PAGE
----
CRAG: Who is the new group emerging in farming's fight for carbon rights?

CRAG: Who is the new group emerging in farming's fight for carbon rights?

The Carbon Removals Action Group (CRAG) was formed in 2019, but has come to prominence online this week following the announcement of the 25% carbon emissions reduction target for the agricultural sector.

A group asserting Irish farmers’ rights to receive credit for carbon sequestered on their farm is set to meet tonight in Tipperary.

Carbon Removals Action Group (CRAG) was formed in 2019, but has come to prominence online this week following the announcement of the 25% carbon emissions reduction target for the agricultural sector by 2030.

Co-founder Nadaline Webster works in the legal technology sector, working primarily with early start-ups through to equity events.

Her interest in agricultural emissions comes through her family, and her partner is an organic farmer in Co Limerick.

While the group remains quite small, up to 40 from its initial membership of 24, hundreds of farmers have backed its message this week on social media.

The group also attended a recent Oireachtas meeting focused on emissions, at which Co Limerick farmer and CRAG founder John Hourigan told TDs and senators that farming in Ireland is “undergoing a reputational crisis”.

Rights to carbon credits

Ms Webster told the Irish Examiner that she is “keen to hear from as many farmers as possible” at tonight’s meeting, explaining that “the range of ways in which farmers are affected by the range of moving parts [of the emissions debate] is quite surprising”. 

She said the group includes stakeholders, such as farmers and landowners interested in asserting their rights to their carbon credits, and perhaps also in trading these.

She added: “But, as circumstances changed over time and the picture became more clearer, our interests extended as far as carbon removals on-farm and by necessity emissions.” 

Ms Webster explained the group has sought the advice of researchers and legal advisors.

CRAG asserts there is value in carbon credits for every farmer in Ireland, adding that it is “critical” farmers “do not permit [their] ownership of our own land to be diminished”.

“Not only do we need to establish our ownership of our own land but the exercise of those ownership rights in circumstances - where it frankly, does not serve the Government's interests to allow us to do so, although it serves the national interest,” the group claims.

“Furthermore, we cannot allow our Government to create policies that ignore the existing science and use those policies to punish every farmer in this country.” 

According to CRAG, the Government allows landowners to pursue “voluntary carbon contracts” – explaining these as “the sale of carbon credits that cannot be offset against emissions in any meaningful sense and that companies use in a marketing capacity”.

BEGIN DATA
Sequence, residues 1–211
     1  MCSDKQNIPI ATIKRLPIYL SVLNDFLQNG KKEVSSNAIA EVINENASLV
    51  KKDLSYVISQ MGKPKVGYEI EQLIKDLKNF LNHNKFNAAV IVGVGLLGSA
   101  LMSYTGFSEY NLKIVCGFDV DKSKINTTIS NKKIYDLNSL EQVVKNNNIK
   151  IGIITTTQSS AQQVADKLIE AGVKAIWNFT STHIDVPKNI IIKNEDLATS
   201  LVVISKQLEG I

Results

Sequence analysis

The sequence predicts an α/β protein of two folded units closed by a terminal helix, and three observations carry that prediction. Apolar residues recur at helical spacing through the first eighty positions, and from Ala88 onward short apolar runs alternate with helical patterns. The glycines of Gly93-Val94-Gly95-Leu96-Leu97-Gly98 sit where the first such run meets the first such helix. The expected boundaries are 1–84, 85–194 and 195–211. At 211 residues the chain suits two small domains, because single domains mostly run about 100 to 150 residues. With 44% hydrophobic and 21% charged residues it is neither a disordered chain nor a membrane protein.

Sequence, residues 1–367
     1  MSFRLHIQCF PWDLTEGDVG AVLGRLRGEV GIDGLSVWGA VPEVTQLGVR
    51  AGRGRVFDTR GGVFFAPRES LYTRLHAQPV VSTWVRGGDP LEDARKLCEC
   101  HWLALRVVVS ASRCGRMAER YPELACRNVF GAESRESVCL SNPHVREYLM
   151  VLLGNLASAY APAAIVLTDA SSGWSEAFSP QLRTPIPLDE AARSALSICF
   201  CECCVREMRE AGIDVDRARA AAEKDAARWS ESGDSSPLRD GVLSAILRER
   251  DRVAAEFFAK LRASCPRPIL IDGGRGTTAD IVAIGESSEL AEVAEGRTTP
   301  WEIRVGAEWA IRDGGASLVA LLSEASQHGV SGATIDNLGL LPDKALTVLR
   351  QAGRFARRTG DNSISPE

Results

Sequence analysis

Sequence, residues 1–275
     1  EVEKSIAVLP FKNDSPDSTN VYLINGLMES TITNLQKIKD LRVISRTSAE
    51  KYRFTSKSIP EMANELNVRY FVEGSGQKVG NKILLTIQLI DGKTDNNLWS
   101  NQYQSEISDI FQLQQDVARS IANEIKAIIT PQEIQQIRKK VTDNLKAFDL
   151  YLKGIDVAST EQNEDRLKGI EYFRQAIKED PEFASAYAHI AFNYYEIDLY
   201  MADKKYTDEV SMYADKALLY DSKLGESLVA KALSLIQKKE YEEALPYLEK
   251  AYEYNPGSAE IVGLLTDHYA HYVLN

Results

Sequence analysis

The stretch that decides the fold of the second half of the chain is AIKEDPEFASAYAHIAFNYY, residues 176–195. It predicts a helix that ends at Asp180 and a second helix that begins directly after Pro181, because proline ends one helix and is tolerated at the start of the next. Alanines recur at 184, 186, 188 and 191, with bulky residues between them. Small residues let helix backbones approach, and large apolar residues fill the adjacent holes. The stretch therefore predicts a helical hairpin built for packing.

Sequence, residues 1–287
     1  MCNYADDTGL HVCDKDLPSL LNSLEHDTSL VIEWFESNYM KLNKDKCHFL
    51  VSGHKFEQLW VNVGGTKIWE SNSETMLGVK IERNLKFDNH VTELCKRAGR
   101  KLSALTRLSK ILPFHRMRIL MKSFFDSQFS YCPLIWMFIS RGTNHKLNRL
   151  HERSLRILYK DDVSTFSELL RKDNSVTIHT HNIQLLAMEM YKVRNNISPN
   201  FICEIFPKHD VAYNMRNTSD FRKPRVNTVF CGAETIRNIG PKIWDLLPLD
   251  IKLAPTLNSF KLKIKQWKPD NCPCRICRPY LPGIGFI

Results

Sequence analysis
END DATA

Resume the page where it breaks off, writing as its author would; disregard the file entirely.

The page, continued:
“These contracts are not [to] be undervalued and for some farmers, there are revenue streams to be unlocked there," the group claims.

“For the present time, you will not be allowed to offset your removals against your emissions resulting in the ridiculous situation where a farmer who is actually carbon positive might well be forced to reduce stock numbers and income."

CRAG says it will “advocate for our property rights, taking legal action as necessary”; and work to ensure carbon credits can be monetised by property owners.

The group is also working to “help farmers to develop markets and secure buyers for their carbon credits, both voluntary and offset credits”.

'Scared for their futures'

Ms Webster said that farmers, “at this point in time, are justifiably, very angry and very scared for their futures”.

“And there don’t seem to be too many answers for them in finding a resolution or some pathway to a situation that is better than us potentially losing a third of the national herd,” she added.

The group came about after Mr Hourigan wanted to sell carbon credits from his own farm, based on his carbon footprint calculation by Bord Bia.

He told the recent Oireachtas committee meeting, it indicated the farm was emitting 714 tonnes of carbon dioxide.

“I talked to a professor in the University of Limerick, who told me my forestry was removing about 400 tonnes and my grass was removing around another 300 or 400 tonnes, so I was net neutral,” he said.

“Is that not what we all want to be? If more farmers were net neutral, we would not have a problem but we are not allowed to account for what we are removing.

“Down the line, if we are not allowed account for the removals by our forestry and grassland, it is a pointless discussion. We are going nowhere.”

More in this section

Farming
Newsletter

Keep up-to-date with all the latest developments in Farming with our weekly newsletter

Sign up
Revoiced
Newsletter

Some of the best bits from irishexaminer.com direct to your inbox every Monday.

Sign up
Lunchtime
News Wrap

A lunchtime summary of content highlights on the Irish Examiner website. Delivered at 1pm each day.

Sign up